During my MSc studies, the theory that forest and savanna represent alternative stable biome states (ABSS) was emerging. I knew little about savanna ecology back then! It is actually surprising that savanna occupies about 70% of the land area in Ghana yet there was hardly any savanna ecology course during my bachelors. There was no better way to transition from my forest ecology biased perspectives to savanna ecology than to study the vegetation dynamics in the forest-savanna boundary (FSB). The FSB is particularly interesting because this is where forest and savanna meet and often occur under similar climatic conditions. Two feedback systems maintain dry forest and savanna vegetations in the FSB. Fire, carried by grass, limit tree establishment in savannas thereby maintaining an open vegetation. In forest, closed canopy cover constrains grass growth and hence preclude frequent and intense fires thereby creating an environment conducive for establishment of forest species. These alternative feedback systems are known to drive divergence in species composition between forest and savanna.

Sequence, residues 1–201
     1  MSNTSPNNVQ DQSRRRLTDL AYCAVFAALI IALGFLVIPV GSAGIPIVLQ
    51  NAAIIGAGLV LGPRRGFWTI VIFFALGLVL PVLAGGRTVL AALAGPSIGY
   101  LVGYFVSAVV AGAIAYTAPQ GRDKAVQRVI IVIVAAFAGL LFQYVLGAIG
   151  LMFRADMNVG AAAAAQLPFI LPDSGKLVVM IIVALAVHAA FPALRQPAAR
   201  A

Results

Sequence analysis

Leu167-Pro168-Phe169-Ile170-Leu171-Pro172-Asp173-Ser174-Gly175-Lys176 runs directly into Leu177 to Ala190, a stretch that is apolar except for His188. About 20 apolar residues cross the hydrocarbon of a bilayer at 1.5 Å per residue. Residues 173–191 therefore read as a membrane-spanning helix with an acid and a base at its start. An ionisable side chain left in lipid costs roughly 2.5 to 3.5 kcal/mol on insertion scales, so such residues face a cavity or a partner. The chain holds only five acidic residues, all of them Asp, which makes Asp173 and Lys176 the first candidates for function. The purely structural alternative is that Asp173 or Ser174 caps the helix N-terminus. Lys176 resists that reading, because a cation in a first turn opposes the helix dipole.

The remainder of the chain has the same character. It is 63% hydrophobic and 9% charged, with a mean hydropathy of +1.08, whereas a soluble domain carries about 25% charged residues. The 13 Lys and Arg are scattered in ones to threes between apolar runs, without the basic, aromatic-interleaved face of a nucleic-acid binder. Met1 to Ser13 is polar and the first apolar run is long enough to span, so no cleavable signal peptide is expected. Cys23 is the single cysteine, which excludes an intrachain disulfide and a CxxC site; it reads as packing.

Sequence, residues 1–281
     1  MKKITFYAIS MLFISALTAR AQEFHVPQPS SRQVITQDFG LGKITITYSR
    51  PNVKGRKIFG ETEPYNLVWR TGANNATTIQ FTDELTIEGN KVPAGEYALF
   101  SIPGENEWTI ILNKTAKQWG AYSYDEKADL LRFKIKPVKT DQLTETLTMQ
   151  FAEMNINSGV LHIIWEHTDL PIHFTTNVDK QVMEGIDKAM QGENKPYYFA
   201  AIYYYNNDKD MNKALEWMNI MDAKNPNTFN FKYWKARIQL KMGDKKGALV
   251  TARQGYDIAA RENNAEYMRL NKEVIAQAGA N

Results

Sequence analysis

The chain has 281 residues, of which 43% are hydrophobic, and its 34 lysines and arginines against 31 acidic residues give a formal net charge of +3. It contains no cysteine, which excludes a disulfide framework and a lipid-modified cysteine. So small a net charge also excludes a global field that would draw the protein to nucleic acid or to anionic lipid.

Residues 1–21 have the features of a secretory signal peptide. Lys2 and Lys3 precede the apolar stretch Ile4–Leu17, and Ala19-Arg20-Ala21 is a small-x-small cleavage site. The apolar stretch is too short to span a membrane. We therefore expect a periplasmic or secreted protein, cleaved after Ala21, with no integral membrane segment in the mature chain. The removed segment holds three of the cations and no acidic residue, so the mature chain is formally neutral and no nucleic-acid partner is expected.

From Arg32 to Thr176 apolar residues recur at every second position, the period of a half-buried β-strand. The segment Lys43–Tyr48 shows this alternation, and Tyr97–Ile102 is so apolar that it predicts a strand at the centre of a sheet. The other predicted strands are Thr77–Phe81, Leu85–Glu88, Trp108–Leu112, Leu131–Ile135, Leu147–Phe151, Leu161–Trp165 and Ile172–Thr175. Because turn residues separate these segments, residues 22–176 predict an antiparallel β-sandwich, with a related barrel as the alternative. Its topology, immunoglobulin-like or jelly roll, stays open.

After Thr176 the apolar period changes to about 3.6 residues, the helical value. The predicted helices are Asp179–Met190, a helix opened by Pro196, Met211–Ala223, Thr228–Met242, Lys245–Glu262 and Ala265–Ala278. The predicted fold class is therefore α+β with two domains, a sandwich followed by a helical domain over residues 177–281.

For my master’s thesis research (supervised by Dr. Elmar Veenendaal and Dr. Frank van Langevelde), I was interested in establishing if neighbouring forest and savanna in the FSB in Ghana contained distinct species and traits (as was being elegantly demonstrated by William Hoffmann for South America). Further, I investigated whether these contrasting feedbacks also lead to compositional decoupling of the overstorey and understorey woody communities in forest and savanna vegetations. We showed that although forest and savanna species dominated the over- and understories of their respective environment, only few (< 35%) of the dominant species were present in both strata. Our results indicated that juveniles of dominant overstorey forest and savanna species face significant establishment and recruitment bottlenecks even in their respective environments. This work is published in Plant Ecology & Diversity and can be found here.